As more companies deploy master data management solutions, there has been an increasing demand for even more value-added capabilities from master data. One of the most significant is the demand for MDM solutions to manage relationships between parties including individuals, individuals and households, individuals and corporate entities, informal groups and organizations. Understanding relationships between parties and products as well as product hierarchies is critical for enterprises. It is quite common that MDM begins with one or a few master entities and then evolves a) to include a broader set of entities and b) to increasingly focus on relationships.

Businesses are looking for ways to understand family and partnership relationships to correctly determine who their best customers are, how to estimate the risk-adjusted values of customer relationships, and what the organization should offer to attract new customers and retain their best existing customers. Government agencies want to gain a deeper understanding of relationships between suspects and criminal organizations to prevent terrorist threats, money laundering and other criminal activities or unwanted events.

Many organizations already devote resources to understanding relationships but are oftentimes doing so through manual means with limited efficiency, scale or consistency. MDM technologies that are capable of recognizing relationships and hierarchies in data can be leveraged by these organizations to provide significantly better ways of understanding relationships.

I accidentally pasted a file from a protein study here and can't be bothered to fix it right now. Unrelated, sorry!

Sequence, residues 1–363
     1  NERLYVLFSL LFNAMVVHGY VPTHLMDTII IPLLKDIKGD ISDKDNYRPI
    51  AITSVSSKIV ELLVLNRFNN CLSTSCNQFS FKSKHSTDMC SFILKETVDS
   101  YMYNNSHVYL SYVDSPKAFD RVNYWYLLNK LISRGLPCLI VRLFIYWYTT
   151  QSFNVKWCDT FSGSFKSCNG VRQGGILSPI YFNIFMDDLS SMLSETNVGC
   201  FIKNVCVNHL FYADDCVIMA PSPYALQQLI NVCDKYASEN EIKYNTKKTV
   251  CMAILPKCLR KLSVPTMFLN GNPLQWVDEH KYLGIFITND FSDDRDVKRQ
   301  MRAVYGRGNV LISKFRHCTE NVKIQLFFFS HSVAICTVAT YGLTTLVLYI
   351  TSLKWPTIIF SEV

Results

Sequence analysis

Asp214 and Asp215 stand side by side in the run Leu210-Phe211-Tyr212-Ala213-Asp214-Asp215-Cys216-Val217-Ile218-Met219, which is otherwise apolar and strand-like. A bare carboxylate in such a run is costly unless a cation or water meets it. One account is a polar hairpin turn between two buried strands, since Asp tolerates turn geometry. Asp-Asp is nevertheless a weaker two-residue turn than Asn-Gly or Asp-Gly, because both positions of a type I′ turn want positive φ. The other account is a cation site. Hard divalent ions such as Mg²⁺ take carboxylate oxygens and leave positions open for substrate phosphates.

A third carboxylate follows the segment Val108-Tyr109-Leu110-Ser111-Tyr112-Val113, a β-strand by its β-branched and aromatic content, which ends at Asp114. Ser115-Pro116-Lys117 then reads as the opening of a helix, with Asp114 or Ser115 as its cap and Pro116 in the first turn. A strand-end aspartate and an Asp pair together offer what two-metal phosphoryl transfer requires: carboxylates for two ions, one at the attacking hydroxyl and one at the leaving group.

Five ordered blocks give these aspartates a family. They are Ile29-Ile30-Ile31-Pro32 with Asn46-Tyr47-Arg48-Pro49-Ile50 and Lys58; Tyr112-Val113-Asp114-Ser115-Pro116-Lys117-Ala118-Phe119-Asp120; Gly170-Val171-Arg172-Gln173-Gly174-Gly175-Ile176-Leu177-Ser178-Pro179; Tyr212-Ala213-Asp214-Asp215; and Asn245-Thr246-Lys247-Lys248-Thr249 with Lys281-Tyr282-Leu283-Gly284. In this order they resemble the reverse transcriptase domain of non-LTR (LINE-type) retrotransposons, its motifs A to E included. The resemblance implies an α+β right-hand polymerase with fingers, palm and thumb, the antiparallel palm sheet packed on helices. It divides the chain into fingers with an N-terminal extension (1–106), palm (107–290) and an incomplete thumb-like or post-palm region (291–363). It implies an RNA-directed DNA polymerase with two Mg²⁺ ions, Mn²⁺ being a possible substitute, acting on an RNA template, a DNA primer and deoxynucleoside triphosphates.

Different types of organizations can benefit from deploying MDM technologies to understand relationships. The methods and approaches companies can take as they move toward a more customer- and relationship-centric business model are described in the following sections.

Understanding Relationships Benefits Organizations

Market evolution and regulatory requirements mandate that organizations need a better understanding of party relationships and hierarchies. The order spans horizontally across all industry verticals, government agencies and organizations.

In the banking industry, the Basel II committee, recommends standards and best practices in banking, and advises that institutions look behind corporations, partnerships, foundations and other organizations at the principals - and their family members and partners - to identify who has control over businesses and their assets. For example, when a company is a subsidiary of another company, the principals at the parent company may be the individuals that need to be identified.